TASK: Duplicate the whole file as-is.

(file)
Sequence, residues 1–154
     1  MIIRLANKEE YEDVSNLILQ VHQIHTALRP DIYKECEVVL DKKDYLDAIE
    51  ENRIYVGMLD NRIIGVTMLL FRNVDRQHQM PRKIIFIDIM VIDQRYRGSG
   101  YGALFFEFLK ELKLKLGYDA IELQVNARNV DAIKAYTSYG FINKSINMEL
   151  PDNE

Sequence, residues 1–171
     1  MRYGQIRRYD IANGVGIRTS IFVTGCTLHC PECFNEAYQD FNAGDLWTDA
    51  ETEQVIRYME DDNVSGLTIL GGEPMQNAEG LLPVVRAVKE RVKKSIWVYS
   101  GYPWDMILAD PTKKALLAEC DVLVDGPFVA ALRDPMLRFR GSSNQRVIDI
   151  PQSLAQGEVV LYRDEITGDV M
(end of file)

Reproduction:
Sequence, residues 1–154
     1  MIIRLANKEE YEDVSNLILQ VHQIHTALRP DIYKECEVVL DKKDYLDAIE
    51  ENRIYVGMLD NRIIGVTMLL FRNVDRQHQM PRKIIFIDIM VIDQRYRGSG
   101  YGALFFEFLK ELKLKLGYDA IELQVNARNV DAIKAYTSYG FINKSINMEL
   151  PDNE

Sequence, residues 1–171
     1  MRYGQIRRYD IANGVGIRTS IFVTGCTLHC PECFNEAYQD FNAGDLWTDA
    51  ETEQVIRYME DDNVSGLTIL GGEPMQNAEG LLPVVRAVKE RVKKSIWVYS
   101  GYPWDMILAD PTKKALLAEC DVLVDGPFVA ALRDPMLRFR GSSNQRVIDI
   151  PQSLAQGEVV LYRDEITGDV M